Galapagos Waved Albatross
A unique species that is critically endangered
Information about Galapagos Waved Albatross
The Waved Albatross boasts the largest wingspan of any bird in the Galápagos. The Galápagos Waved Albatross is so-called because of the distinctive wave-like pattern that forms on the adult birds’ wings. Not only is a unique species to the Galápagos, it only breeds on one site on Española Island. These elegant birds mate for life, and there are estimated to be only 12,000 breeding pairs remaining. The species is critically endangered.
Renowned for their unparalleled gliding skills, Albatrosses spend their time at sea outside of the breeding season. During this time the whole population migrates and can be found anywhere from the eastern waters off the archipelago to the coasts between Colombia and Peru. Here they feed on fish, squid and other small marine animals, often scavenging near fishing boats.
It’s this relationship with humans that is their greatest threat. Long-line fishing boats in the Pacific lay out hundreds of miles of baited hooks which attract the birds, and once they try to eat the bait they get hooked and drown after being dragged under. While long-lining is banned within the Galápagos National Park, once the birds leave the area to feed they have no protection.
In the Galápagos on Española, however, they are safe and breed successfully. Pairs of Waved Albatross mate for life, and each season the female lays a single egg on the bare ground. Male Albatross are modern parents, and they take their fair share of sitting on the egg to incubate it for the two months until it hatches.
A wonderful sight is the courtship dance of the Galápagos Albatross. This intricate and intimate activity strengthens the bond between the pair and includes bill clacking, head circling, waddling, and head nodding. During the dance, the birds make a distinctive “moo” noise. On a Galápagos cruise, our expert naturalist guides will make sure that you have the best possible opportunity to observe these rare creatures to make some unforgettable memories.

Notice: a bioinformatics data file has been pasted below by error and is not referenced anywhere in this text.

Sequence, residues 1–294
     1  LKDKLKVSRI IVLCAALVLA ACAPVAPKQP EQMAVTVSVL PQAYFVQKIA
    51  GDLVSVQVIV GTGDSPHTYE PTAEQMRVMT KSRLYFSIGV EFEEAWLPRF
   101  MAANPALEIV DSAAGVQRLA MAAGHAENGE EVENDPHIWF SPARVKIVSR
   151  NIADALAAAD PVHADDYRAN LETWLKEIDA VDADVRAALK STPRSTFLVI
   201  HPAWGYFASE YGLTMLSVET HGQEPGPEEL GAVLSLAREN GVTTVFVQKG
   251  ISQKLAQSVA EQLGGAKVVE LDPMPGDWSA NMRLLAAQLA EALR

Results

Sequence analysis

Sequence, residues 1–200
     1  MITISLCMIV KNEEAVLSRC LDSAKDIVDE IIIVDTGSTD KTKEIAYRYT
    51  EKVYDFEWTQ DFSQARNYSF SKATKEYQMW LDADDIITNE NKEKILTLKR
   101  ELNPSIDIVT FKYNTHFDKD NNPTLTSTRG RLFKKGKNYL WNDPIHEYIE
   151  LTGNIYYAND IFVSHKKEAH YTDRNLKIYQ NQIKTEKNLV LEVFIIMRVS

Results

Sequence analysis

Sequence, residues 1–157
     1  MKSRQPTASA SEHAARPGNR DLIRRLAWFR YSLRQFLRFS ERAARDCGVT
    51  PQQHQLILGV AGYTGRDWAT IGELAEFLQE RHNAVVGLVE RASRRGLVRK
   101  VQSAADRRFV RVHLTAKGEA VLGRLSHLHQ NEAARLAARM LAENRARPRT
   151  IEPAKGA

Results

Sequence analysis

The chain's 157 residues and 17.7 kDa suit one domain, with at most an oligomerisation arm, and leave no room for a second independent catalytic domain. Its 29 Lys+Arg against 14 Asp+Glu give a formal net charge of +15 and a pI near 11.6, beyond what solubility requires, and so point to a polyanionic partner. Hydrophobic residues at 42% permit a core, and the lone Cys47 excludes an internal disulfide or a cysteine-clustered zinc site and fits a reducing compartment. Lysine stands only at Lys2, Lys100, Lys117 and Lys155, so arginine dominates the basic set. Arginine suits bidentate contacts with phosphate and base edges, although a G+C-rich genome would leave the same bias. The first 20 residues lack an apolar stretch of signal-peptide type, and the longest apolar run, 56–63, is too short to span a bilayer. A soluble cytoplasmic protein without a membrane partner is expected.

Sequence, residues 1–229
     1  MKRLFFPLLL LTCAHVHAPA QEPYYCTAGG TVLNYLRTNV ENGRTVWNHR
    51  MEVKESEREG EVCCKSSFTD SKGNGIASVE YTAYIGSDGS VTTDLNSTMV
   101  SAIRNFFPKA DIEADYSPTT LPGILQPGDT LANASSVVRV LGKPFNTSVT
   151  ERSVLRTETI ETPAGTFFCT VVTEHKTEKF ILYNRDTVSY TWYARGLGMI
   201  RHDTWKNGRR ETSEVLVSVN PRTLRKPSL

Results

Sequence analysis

Interesting facts about Galapagos Waved Albatross
Waved Albatross are the largest seabirds found in Galápagos
Wave Albatross have a beautiful and elaborate courtship dance after which they mate for life
When Waved Albatross chicks leave the nest they fly out to sea and won't return for 6 years
Waved Albatross are critically endangered, and despite efforts their population continues to decrease
Pictures of Galapagos Waved Albatross
Highlights where the Galapagos Waved Albatross can be seen
Gardner Bay is a wonderfully sheltered area on the eastern shore of Espanola Island. It boasts one of the best beaches in the Galápagos, with superb white sand. There is nowhere better on the archipelago to simply sit back, relax, and take in the marvels of the wildlife around you.
The beach here is home to a large colony of Galápagos Sea Lions, who seem to love sunbathing on the beach as much as we humans do! As well as the fun-loving Sea Lions you can also find Galápagos Mockingbirds here. These birds are full of curiosity, and have been known to come and investigate bootlaces, camera straps and other equipment!
The wonderful Galápagos Green Sea Turtle can also often be seen in the shallows here, and along with a large variety of colorful reef fish, this makes Gardner Bay a great place to swim and snorkel.
Suarez Point is on the western tip of Espanola and is one of the most wildlife-packed of all the visitor sites in the Galápagos. After a wet landing on a beach that's frequented by Galápagos Sea Lions you can enjoy a 2 mile hike along a trail that will take you up around the cliffs.
The range of wildlife on show here is simply stunning. This is a great place to view the remarkable Galápagos Blue-Footed Booby as well as their cousins the Nazca Booby. You can also see the rare Waved Albatross at Suarez Point, where they use the cliff tops to launch themselves into the air over the ocean.
Another famous natural feature here is the blowhole. This geological formation funnels the incoming waves into a chamber where it gets compressed and then the air and seawater are forced out at great speed, making a spectacular plume of water shoot high into the air.